Beloved Monsters: The Legacy of TV Horror Hosts

The first hosted horror shows were wildly successful, and Universal released a follow-up package, Son of Shock, to television in 1958. Hosts sprang up in local markets through the late ‘50s and ‘60s: Gregory Grave in Kansas City, Dr. Shock in Philadelphia, and the hooded, alien-like Sammy Terry in Indiana. Each came with his own bag of tricks: props, catch-phrases (Ghoulardi’s curious “stay sick” and “cool it”), and supporting characters. The hosts, who were especially popular with younger viewers, often crossed over to their station’s kids’ show.  Many hosts pulled double-duty throughout the years, hosting the kids’ show during the weekdays and the late night horror program on the weekend.

Crematia, used under a Creative Commons license.

Crematia, used under a Creative Commons license.

Roberta Solomon, who played the delightfully wicked Crematia Mortem on “Creature Features” in Kansas City in the ‘80s, credits the early kids’ show hosts with being monumentally inspirational to horror hosts over the years.

“I grew up watching the kids’ shows in St. Louis, and that was where I got the idea that there were people who did this kind of thing,” Solomon says. “It was so incredibly cool, and when I started hosting the creature feature, I really felt a sense of continuity with these people who had gone before.”

While most hosts were harvested from the kids’ show or the news staff, some people made the jump into horror hosting from unlikely places.

Bob Wilkins hosted “Creature Features” in the San Francisco-Bay Area during the ‘70s. Unlike the majority of his contemporaries, the wry Wilkins presented horror and sci-fi features as himself. Each week, the be-spectacled host would sit in his rocking chair, pipe in hand, and ridicule the evening’s feature, closing each segment with the peculiar phrase: “Watch horror films…keep America strong.”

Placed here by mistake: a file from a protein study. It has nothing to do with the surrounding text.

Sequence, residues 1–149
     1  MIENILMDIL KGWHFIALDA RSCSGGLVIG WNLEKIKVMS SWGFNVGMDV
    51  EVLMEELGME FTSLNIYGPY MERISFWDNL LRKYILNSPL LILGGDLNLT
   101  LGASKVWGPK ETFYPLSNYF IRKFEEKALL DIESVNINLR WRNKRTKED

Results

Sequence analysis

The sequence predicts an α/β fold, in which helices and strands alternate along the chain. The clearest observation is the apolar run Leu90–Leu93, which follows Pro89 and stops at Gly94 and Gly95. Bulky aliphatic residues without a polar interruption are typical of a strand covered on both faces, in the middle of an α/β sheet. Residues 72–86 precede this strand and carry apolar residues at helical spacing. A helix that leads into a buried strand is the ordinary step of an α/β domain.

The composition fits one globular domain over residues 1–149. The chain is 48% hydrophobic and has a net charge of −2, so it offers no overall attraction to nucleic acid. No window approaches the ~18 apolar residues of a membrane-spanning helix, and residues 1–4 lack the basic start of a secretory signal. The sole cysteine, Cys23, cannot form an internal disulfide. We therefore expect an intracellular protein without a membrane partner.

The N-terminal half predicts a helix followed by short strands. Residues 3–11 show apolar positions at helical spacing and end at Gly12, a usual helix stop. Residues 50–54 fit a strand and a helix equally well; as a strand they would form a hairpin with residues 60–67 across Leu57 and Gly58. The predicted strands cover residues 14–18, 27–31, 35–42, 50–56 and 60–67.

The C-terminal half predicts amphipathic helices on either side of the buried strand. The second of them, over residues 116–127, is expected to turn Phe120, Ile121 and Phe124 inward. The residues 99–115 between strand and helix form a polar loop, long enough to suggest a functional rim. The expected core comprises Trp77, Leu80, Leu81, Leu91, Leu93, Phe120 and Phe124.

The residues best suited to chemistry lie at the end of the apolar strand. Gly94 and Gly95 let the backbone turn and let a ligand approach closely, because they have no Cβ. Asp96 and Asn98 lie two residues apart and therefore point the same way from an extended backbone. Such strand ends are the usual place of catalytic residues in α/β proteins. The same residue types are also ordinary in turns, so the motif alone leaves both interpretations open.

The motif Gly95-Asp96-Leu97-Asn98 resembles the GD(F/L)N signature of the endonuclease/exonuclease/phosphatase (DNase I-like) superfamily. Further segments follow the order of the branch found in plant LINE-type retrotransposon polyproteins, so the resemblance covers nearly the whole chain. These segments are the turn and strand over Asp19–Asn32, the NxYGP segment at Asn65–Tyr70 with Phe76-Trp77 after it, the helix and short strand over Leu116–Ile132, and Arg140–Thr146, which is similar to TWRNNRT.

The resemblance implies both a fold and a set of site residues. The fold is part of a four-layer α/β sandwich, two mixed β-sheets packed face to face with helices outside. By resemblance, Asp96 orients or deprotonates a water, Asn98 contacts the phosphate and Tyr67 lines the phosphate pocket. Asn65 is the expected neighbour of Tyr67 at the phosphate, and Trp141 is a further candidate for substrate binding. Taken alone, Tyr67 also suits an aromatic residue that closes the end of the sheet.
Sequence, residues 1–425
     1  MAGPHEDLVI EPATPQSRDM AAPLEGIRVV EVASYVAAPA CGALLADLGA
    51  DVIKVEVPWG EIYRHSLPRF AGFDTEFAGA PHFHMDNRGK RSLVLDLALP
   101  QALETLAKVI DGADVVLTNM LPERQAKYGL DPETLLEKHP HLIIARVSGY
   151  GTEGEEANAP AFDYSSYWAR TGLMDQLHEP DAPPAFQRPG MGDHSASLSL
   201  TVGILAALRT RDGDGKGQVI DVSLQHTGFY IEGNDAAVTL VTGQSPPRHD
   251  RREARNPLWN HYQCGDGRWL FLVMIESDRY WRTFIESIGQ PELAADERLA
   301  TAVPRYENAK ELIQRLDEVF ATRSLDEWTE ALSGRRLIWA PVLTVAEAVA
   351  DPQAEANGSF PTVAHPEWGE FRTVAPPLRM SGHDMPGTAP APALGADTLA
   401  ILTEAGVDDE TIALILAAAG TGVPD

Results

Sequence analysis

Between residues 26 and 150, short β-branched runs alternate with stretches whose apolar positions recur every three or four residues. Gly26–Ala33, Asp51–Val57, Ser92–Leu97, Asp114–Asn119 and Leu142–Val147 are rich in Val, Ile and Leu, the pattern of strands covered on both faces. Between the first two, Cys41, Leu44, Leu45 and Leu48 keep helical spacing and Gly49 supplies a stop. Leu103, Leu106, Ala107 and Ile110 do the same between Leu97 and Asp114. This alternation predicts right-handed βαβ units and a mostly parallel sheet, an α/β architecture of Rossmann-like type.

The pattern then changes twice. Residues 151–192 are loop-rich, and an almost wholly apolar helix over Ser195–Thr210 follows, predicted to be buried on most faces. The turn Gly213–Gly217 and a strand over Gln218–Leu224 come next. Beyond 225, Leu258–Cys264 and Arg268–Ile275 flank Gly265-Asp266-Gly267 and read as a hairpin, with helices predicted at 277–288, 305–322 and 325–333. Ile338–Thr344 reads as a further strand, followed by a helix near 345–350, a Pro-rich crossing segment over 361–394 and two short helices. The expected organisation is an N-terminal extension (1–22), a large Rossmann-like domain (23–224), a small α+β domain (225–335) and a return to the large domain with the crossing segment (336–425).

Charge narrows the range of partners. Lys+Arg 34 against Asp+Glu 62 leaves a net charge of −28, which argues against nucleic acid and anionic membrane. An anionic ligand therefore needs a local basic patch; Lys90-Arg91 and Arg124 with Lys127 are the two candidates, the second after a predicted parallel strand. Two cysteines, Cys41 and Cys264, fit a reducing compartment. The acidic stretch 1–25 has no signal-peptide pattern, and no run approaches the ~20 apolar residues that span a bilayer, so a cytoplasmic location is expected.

John Stanley

Mainstream journalist John Stanley replaced "Creature Features" host Bob Stanley in the Bay Area. Both portrayed themselves without makeup or pseudonyms.

During his final years as the “Creature Features” host, Wilkins invited local entertainment writer John Stanley onto the program at different times to promote various books and films he had released. The time Stanley had spent at the San Francisco Chronicle, in addition to the endless amount of comics and movies he had consumed in his youth, made the journalist a rich resource of pop culture knowledge. Although Stanley had interviewed filmmakers and reviewed movies for years, he never would have fancied himself a TV personality. When Wilkins announced in 1978 that he would be leaving the show, Stanley was surprised when the host suggested he audition for the part. The journalist took a chance and tried out for the role; he was amazed when, a few weeks later, he was informed he had got the job.

“To this day, nobody at the station ever told me exactly why they chose me over all the others,” says Stanley. “I’ll just have to live with it!”

Stanley continued to host “Creature Features” in true Wilkins fashion. His producers did not want him to diverge from the straight man persona that his predecessor had established, so Stanley applied his skills as an entertainment reporter while on camera. The journalist interviewed an array of entertainers for both newspaper and television over the five years he hosted the show, ranging from British horror star Christopher Lee to sex symbol Edy Williams. Stanley shares these experiences in his 2007 book “I was a TV Horror Host,” which takes a retrospective look at the horror host tradition.

Stanley also created “minimovies” for his audience – short, dramatized segments that tied into the weekly feature.

“We did ‘Return to Casablanca’ at a restaurant called The Casablanca,” Stanley recalls. “There was a haunted museum, so we did a haunted goldmine thing where a dead prospector comes back to life and takes me into the mine…We really tried to do things that were different.”